Surely someone else has torn their hair out over this (see picture). How about weighing in with your favorite method, its merits and frustrations? Surely we can get a food fight going that will make us forget about French polish, etc.

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"Kudos to you for trying to get a fight going :)" Well, I sure as hell tried, but this group is too mellow.

As for favorite methods, after I'm done with Heide Klum, I fall asleep dreaming about your favorite method. God, think about it. A classical guitar with a maple neck, cypress body, and spruce top, ebony faceplate and bindings. Not a pore on it. Can't even say that for Heide. Okay, I'm outta here.

I like the way you think Bob :)

Seriously, run a fine scraper over some african blackwood, and then try to tell me you don't feel dirty if you even think of putting a finish on there...

My last completed instrument (see my profile page) has over 50 species of wood, and no finish except carnauba wax. That nobody could play it (let alone afford to buy one) is beside the point :) The bow is blackwood, it smells like espresso and chocolate and cuban cigars when you scrape it. Pore filler? Meh.

Heide Klum you say...

English Sycamore
Chakte Viga
Macassar Ebony
Olive (yeah, that tree in your neighbour's yard, claim that puppy, dry for 2+ years, forget Heide)
I know. I have some old scraps of Brazilian that I take out once in a while to just smell and reminisce. I'd love to build one guitar with African blackwood but I'm still short the downpayment. Some day. What is Chakte viga like? Cook Hardwoods in Grant's Pass, OR, was suppposed to have some available in December.

"What is Chakte viga like?"

Like pernambuco, only yellow. Itchy sawdust. Heavy, tiny pores, works like cocobolo (itchy like that) but not really oily. Machines nicely, seems to bend well like pernambuco (I've only tried a bow sized stick). Interlocked grain but very tightly like ceylon satinwood has. Ages to a dark amber/pumpkin color.
Having a background in the auto body repair and painting business (old school), I have always leaned toward lacquer finishes. I agree with a lot of the luthiers on here that filling the pores is a real challenge. I've never found anything that I was 100% pleased with for rosewood and mahogany. I've tried the old fashioned paste wood fillers and the water based wood fillers. It seems like I still end up applying a lot more finish than I really want to because of the pore problem. It seems like you must choose whether you want to minimize the finish and maximize the sound or maximize the finish at the expense of losing some volume and tone. I've tried several different approaches but I'm still searching. I have not spent much time on french polishing. I'm sure it has its advantages. I prefer finishing maple because it doesn't take as much finish to achieve the glass-like appearance, but it just seems that rosewood makes a better sounding box. I've observed that some of the Blueridge Guitars are quite a bit heavier than others. Since they all appear to be built pretty much the same, I have suspected that the finish is the difference in weight (and possibly the tone, too). I suspect that they use some high-build urethanes to achieve the pore-filling.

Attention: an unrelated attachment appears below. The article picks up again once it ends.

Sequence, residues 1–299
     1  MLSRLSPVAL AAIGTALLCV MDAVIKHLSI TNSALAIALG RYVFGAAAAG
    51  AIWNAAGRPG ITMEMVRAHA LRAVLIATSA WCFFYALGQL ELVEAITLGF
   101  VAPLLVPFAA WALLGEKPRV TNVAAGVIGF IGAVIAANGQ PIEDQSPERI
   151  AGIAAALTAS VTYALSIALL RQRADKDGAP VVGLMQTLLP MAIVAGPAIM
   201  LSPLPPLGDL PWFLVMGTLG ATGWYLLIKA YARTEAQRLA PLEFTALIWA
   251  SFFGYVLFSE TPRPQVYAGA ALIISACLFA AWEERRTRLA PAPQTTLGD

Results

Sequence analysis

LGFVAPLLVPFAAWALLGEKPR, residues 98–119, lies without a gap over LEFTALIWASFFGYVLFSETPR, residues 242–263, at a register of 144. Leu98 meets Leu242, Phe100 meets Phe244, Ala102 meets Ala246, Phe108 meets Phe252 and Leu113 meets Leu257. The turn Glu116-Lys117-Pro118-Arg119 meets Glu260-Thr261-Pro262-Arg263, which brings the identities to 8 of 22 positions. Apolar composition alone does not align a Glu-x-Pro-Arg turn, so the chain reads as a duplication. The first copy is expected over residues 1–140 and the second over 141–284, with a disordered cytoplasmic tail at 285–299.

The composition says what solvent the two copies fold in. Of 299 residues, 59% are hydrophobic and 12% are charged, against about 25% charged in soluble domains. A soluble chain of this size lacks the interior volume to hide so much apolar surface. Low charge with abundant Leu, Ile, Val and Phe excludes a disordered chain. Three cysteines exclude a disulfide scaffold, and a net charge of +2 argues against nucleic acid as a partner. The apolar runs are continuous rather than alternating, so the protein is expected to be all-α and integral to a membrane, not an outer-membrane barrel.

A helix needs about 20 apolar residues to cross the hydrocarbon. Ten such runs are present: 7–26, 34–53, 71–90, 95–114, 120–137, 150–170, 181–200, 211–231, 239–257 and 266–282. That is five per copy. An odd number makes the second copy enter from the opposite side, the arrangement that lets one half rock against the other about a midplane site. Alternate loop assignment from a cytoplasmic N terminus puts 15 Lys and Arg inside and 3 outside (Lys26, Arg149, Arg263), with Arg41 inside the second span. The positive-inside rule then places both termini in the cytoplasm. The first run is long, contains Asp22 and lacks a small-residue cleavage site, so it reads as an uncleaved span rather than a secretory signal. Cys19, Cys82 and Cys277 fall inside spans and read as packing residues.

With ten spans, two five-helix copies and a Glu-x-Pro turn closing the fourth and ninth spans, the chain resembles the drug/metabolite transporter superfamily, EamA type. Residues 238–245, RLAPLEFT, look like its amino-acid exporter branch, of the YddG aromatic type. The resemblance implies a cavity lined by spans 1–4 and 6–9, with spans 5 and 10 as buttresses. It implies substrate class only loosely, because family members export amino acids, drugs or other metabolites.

Ronnie Nichols
"It seems like I still end up applying a lot more finish than I really want to because of the pore problem. It seems like you must choose whether you want to minimize the finish and maximize the sound or maximize the finish at the expense of losing some volume and tone."

That's really it in a nutshell. Robert Ruck, a classical builder in Eugene, OR. puts out fabulous sounding guitars that are also pieces of art from the standpoint of fit and finish. He uses Elmer's water based indoor/outdoor paste filler colored with acrylic paint for pore filling backs and sides and follows it with a sprayed catalyzed varnish (don't know the brand). He claims that he can get a very thin finish with his method that gives tonal quality equivalent to French polish. I've played several of his guitars and certainly would not dispute his claim. My guess is that the trick is aggressive rubout after complete cure of the finish, but magically knowing when to stop.

In my opinion Z-Poxy "Finishing Resin" is by far the easiest most economical way to perfectly fill pores in tonewood.

A quick search on the OLF or MIMF will turn up some great info on this product.

Yeah, Ray, I'm on my second set of Z-poxy now. The only downside to the stuff is that it's not quite viscous enough to stay put. The result for me is that if I try to fill both the sides and the back in one go, the stuff runs a bit down the sides. Minor inconvenience, though. I do find that it usually requires two passes to really get the surface flat.

I'm not one of those folks that tries to get a really smooth application of the epoxy and then sand carefully to within a micron of the wood surface. I pretty much slop it on. I do alot of scrubbing around just to make sure that it's getting INTO the pores and not just bridging them. After it's cured, I remove the excess using a cabinet scraper. I then sand out to ensure that I'm back to the wood surface and seal with shellac to get going with the French polishing. I still find, however, that the Zpoxy will shrink back just the tiniest bit after a few months. Overall, though, a really good result.

I lost concentration after the bit about pore filling Heidi Klum...Knowing that aging luthiers are a lascivious bunch I suppose the merits of spraying on, or rubbing in, an oil finish on her will get some traction here........Rusty.
Rusty, you dirty old POME, clever enough by half. Everyone knows that the secret to life is just good surface prep. I think, however, that the alternatives you suggest might even push hardcore shellac sprayers into the French polish camp. Hello..., Jim Bancroft....?



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